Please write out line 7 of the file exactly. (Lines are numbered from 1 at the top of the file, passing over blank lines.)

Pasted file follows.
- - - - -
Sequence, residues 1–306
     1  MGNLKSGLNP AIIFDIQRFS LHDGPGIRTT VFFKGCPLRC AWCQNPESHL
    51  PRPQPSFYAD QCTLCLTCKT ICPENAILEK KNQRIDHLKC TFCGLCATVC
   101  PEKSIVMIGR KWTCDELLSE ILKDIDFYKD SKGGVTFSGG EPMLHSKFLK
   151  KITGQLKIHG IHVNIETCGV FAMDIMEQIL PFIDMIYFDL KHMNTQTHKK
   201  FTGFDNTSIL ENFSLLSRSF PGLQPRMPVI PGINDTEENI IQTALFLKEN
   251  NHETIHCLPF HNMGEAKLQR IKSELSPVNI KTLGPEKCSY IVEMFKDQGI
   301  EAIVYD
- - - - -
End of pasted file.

   251  NHETIHCLPF HNMGEAKLQR IKSELSPVNI KTLGPEKCSY IVEMFKDQGI